Soon after starting her book, I sent an email to Julie Obradovic:
I'm in tears and enraged and on the edge of my seat reading your book. It's taken a few sittings to get any reading done (things are insanely busy here), but wow. I cannot stop reading.
About a month earlier, Julie had asked me if I might be interested in writing a review of her soon-to-be released book, An Unfortunate Coincidence: A Mother’s Life Inside the Autism Controversy. Thrilled to be asked, I couldn’t wait to read it and tell her what I thought of it.
I remember the day that Julie told me she’d gotten a book deal – I’m sure Julie was very excited, but I was over the moon ecstatic! Always an eloquent writer, I couldn’t wait to read more of what she had to share. Now that it was time to finally read it, getting through Julie’s book in one sitting just wasn’t happening. With all the demands being placed on me at home, I knew that I’d have to go elsewhere to concentrate.
Setting aside several hours one day, I headed to the library. I found a quiet corner and continued to read. Not intending to put the book down, I’d only gotten a few more pages read when I took a break. I sent another email to Julie sharing how difficult it was for me to read her story:
I want to stop. This is truly painful for me to read because your story is so eerily similar, like almost exactly the same medical timeline of medical issues and the autism discovery - not to mention the same type of dismissive doctors and the anxiety and the feeling like you're in the Twilight Zone - it is so hard to read. But I'm pushing some emotions aside and will continue, not just to get the review done, but also because I want to know more. I know what you've written will help so many.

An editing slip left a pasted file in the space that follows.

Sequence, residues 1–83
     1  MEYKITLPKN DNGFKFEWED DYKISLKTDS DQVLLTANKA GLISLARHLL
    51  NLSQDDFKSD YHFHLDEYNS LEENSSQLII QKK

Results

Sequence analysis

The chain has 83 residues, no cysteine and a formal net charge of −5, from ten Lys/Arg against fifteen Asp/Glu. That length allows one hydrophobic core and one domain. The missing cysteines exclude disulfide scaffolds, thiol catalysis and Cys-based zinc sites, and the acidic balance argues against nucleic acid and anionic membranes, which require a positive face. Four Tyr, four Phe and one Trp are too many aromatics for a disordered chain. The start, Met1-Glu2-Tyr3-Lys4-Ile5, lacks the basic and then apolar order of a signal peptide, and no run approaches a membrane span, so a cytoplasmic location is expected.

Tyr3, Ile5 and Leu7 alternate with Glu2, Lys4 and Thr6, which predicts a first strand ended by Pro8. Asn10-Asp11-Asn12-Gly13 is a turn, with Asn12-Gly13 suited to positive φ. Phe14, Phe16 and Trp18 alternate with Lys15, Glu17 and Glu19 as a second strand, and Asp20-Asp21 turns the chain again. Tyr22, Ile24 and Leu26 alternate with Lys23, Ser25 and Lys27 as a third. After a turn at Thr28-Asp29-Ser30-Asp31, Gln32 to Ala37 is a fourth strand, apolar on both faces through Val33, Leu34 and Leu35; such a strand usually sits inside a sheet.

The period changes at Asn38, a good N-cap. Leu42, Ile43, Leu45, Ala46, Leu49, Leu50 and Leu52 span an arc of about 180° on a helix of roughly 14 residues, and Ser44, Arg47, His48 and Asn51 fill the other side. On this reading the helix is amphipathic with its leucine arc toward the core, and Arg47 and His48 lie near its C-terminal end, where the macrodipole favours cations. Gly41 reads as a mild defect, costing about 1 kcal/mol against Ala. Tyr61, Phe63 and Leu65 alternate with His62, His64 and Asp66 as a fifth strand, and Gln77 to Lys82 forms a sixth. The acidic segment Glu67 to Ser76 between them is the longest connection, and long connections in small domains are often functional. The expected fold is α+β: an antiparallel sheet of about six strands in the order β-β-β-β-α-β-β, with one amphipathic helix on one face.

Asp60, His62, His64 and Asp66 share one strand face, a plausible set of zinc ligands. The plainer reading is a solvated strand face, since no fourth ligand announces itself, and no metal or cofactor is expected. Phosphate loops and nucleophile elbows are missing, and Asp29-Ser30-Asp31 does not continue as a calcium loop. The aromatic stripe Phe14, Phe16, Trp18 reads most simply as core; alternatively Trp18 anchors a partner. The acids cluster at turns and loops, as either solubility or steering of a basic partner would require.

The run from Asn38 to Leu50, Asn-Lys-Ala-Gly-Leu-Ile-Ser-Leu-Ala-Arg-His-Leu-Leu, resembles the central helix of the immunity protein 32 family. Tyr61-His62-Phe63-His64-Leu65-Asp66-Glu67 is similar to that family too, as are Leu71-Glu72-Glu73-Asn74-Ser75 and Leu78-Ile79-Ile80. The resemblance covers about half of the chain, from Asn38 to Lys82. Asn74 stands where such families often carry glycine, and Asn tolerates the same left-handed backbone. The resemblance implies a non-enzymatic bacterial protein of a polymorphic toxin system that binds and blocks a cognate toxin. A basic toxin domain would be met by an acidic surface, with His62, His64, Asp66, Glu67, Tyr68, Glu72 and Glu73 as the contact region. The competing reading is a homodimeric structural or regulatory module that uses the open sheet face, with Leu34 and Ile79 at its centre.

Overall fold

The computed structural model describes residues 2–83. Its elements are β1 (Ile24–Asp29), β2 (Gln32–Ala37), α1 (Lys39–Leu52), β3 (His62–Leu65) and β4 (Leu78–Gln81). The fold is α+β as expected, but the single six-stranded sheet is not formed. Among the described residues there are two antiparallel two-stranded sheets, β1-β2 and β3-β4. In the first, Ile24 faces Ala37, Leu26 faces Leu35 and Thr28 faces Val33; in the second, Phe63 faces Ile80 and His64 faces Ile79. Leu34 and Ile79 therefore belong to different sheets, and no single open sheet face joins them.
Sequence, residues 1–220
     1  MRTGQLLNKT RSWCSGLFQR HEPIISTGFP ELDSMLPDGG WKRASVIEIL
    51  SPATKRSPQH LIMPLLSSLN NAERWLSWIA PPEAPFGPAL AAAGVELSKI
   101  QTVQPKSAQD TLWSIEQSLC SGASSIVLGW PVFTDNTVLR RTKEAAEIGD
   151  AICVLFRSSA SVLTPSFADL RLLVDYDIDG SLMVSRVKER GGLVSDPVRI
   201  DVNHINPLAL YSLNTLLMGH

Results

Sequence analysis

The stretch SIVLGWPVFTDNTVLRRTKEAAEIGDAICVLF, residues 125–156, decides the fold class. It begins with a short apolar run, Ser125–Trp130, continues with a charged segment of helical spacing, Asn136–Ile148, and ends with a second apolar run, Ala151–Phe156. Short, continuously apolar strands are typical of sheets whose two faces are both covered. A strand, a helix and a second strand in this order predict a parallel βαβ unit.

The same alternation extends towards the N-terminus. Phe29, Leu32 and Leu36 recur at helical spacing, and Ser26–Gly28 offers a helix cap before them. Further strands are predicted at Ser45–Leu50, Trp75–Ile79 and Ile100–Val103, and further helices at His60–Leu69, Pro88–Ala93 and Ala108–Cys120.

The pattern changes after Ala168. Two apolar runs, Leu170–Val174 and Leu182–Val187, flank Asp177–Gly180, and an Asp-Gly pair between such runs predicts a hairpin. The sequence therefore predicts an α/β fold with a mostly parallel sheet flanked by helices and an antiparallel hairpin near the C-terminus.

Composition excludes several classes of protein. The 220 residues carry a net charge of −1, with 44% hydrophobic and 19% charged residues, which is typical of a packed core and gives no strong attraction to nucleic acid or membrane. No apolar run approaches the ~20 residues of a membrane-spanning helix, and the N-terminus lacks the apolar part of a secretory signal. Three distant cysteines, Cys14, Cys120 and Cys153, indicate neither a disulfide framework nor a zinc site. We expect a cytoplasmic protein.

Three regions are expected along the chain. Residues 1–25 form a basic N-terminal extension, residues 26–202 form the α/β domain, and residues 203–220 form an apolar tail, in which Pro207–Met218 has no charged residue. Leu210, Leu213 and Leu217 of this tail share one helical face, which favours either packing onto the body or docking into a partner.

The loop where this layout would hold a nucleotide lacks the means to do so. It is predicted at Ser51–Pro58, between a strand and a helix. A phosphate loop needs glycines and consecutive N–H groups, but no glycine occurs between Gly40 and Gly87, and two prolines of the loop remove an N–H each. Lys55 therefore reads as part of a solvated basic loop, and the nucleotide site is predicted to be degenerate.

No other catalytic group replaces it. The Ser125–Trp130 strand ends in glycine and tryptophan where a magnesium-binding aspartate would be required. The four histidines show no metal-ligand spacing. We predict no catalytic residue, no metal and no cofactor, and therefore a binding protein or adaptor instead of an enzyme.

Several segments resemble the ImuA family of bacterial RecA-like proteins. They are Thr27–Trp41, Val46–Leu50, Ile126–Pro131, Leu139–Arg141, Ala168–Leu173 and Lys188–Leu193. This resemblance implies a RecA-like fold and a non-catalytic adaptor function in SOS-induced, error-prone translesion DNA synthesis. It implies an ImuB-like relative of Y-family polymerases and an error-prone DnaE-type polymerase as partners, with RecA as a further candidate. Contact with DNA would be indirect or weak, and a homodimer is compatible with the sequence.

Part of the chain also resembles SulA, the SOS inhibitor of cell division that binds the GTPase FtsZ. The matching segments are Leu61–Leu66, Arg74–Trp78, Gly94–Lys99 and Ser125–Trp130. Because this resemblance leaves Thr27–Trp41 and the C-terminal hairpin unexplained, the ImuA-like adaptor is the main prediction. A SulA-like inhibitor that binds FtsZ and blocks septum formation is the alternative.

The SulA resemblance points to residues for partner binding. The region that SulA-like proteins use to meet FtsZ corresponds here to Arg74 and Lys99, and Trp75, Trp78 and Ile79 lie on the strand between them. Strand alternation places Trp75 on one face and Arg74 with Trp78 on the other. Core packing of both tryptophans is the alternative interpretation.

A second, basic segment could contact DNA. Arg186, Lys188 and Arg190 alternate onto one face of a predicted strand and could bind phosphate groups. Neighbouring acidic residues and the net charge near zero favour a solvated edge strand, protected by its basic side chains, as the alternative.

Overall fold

No doubt that it will. No doubt that it already has!
Late last week, Amazon began delivering An Unfortunate Coincidence to those who pre-ordered a copy. A few days earlier than the expected November 1st release date, people are sharing that they, too, have had a chance to read the book. Worth noting, they are sharing only positive responses.
Positive responses. Those sure do beat the negative responses that Julie and so many other parents of vaccine-injured children have had to deal with over the years. Julie recounts several unfortunate experiences that she, her daughter, and her family have gone through. From the chronic ear infections, to the overly prescribed antibiotics, to the excessive vaccines, to the disrespectful providers she encountered while trying to get help for her daughter, to her daughter’s autism diagnosis she feared was looming, Julie goes beyond just telling her family’s story.
Throughout the book, Julie provides historic data that many close to the autism controversy are surely already familiar. For those who may be unfamiliar, Julie carefully and factually introduces and outlines important events and key individuals that readers new to the topic can easily follow and understand. Going back to the beginning, Julie begins with Dr. Kanner and his discovery of autism in the early 1940s. She shares the shocking Bruno Bettelheim and his suggestion that mothers of children with autism were homicidal in the late 1960s. She makes sure to also add today’s industry spokesman, Dr. Offit, who always eagerly insists that vaccines have nothing to do with autism even though so many parents know that they do.
Since vaccines did play a role in Julie’s daughter’s diagnosis, Julie discusses this topic further. Providing a great amount of information for her readers to consider, she references doctors like Dr. Bernard Rimland who believed in the parents and their concerns. Julie includes significant details from the work of other great authors, like David Kirby, who’ve also covered the autism-vaccine link. Always with other parents in mind, Julie generously shares an abundance of knowledge about vaccines to include when the vaccine industry gained a free pass to produce sub-par products as well as describes when and why the US “Vaccine Court” was established.
When reading the timeline of the rise of the autism epidemic and how it relates to the United States’ inflated vaccine schedule - thanks in part to the corruption recently discovered in the CDC – I couldn’t help but agree with Julie’s use of the phrase “disabling of a generation” in a section of the book titled The Resistance: